Power consumption substantially cut for IoT sensors

Friday, 23 November, 2018

Power consumption substantially cut for IoT sensors

Researchers from the National University of Singapore (NUS) have invented a low-cost ‘battery-less’ wake-up timer — in the form of an on-chip circuit — that significantly reduces the power consumption of silicon chips for Internet of Things (IoT) sensor nodes, bringing it down to true picoWatt range — one billion times lower than a smart watch.

IoT sensor nodes are individual miniaturised systems containing one or more sensors, as well as circuits for data processing, wireless communication and power management. To keep power consumption low, they are kept in sleep mode most of the time, and wake-up timers are used to trigger the sensors to carry out a task. As they are turned on most of the time, wake-up timers set the minimum power consumption of IoT sensor nodes. They also play a fundamental role in reducing the average power consumption of systems-on-chip.

The NUS team, led by Associate Professor Massimo Alioto, collaborated with Associate Professor Paolo Crovetti from Italy’s Politecnico di Torino to reduce the power consumption of wake-up timers embedded in IoT sensor nodes, which in many cases require decades of battery lifetime. Presented at the 2018 Symposia on VLSI Technology and Circuits in Hawaii, the team’s timer is claimed to cut the power consumption of rarely active IoT sensor nodes by 1000 times.

“As an element of uniqueness, our wake-up timer does not need any additional circuitry — as opposed to conventional technologies, which require peripheral circuits consuming at least 1000 times more power (eg, voltage regulators),” said Assoc Prof Alioto. This ability to operate without any voltage regulator is due to the timer’s reduced sensitivity to supply voltage, thus suppressing the additional power that is conventionally consumed by such peripheral always-on circuits.

“Under typical office lighting, our novel wake-up timer can be powered by a very small on-chip solar cell that has a diameter similar to that of a strand human hair,” Assoc Prof Alioto added. “It can also be sustained by a millimetre-scale battery for decades.”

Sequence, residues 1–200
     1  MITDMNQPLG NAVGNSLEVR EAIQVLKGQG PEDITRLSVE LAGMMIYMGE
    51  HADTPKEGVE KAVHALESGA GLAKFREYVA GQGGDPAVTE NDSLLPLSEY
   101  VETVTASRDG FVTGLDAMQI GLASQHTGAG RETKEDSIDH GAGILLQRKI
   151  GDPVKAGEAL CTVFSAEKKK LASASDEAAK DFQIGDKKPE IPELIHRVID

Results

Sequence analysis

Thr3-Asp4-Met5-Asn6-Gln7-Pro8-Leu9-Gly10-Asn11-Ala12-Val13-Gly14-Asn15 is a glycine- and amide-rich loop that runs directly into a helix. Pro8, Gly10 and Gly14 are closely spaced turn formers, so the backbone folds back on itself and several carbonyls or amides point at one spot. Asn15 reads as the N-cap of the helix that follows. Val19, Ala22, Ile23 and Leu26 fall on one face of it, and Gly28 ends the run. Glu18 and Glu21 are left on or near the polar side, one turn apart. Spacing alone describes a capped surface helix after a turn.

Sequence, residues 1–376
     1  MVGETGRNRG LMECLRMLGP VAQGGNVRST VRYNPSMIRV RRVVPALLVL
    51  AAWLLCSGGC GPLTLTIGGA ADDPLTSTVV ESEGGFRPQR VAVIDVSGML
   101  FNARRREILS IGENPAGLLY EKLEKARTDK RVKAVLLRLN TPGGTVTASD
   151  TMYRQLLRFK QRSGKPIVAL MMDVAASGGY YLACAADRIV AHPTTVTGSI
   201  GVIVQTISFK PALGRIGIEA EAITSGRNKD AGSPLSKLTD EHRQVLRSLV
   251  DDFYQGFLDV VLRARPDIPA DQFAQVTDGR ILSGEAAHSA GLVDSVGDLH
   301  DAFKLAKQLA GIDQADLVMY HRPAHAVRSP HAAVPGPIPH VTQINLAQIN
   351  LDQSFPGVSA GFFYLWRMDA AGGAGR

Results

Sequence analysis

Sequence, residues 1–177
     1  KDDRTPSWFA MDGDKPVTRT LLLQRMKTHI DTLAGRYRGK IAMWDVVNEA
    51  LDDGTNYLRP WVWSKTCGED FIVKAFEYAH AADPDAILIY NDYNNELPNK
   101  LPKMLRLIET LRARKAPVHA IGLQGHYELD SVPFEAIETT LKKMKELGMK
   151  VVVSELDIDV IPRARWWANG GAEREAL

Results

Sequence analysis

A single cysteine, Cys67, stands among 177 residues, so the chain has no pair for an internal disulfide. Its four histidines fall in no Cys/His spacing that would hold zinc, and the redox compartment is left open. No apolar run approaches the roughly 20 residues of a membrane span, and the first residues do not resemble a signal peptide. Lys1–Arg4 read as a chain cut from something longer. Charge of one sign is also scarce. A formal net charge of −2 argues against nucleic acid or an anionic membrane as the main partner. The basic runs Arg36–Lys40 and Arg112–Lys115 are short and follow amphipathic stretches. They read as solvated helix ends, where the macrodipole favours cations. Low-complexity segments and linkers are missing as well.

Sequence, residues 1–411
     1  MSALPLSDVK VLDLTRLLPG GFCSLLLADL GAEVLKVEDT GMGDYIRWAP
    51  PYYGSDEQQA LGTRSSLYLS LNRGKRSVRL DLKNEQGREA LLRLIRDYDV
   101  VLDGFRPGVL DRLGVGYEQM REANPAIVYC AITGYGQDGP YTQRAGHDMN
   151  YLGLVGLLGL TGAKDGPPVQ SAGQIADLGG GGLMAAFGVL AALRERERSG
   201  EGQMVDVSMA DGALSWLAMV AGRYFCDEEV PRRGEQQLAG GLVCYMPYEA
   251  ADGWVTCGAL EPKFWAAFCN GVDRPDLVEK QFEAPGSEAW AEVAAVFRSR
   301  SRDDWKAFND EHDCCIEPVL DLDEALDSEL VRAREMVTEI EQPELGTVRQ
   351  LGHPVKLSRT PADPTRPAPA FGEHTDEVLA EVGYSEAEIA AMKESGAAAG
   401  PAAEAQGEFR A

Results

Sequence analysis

The wake-up timer can continue operations even when battery is not available and under very scarce ambient power, as demonstrated by a miniaturised on-chip solar cell exposed to moonlight. It can also achieve slow and infrequent wake-up using a very small on-chip capacitor (half a picoFarad), helping to significantly reduce silicon manufacturing costs due to the small area (40 um on each side) required.

The team is currently working on various low-cost, easy-to-integrate, energy-autonomous silicon systems with power consumption ranging from picoWatts to sub-nanoWatts. These critical sub-systems will make future battery-less sensors a reality, with the end goal of building a complete battery-less system-on-chip.

“We have demonstrated silicon chips with substantially lower power that will define the profile of next-generation IoT nodes,” said team member Dr Orazio Aiello, a Visiting Research Fellow at NUS. “This will contribute towards realising the ultimate vision of inexpensive, millimetre-scale and, eventually, battery-less sensor nodes.”

Image caption: The wake-up timer is embedded in a test chip and placed in a larger package (held by Dr Orazio Aiello and Associate Professor Massimo Alioto researchers) for easier testing and characterisation.

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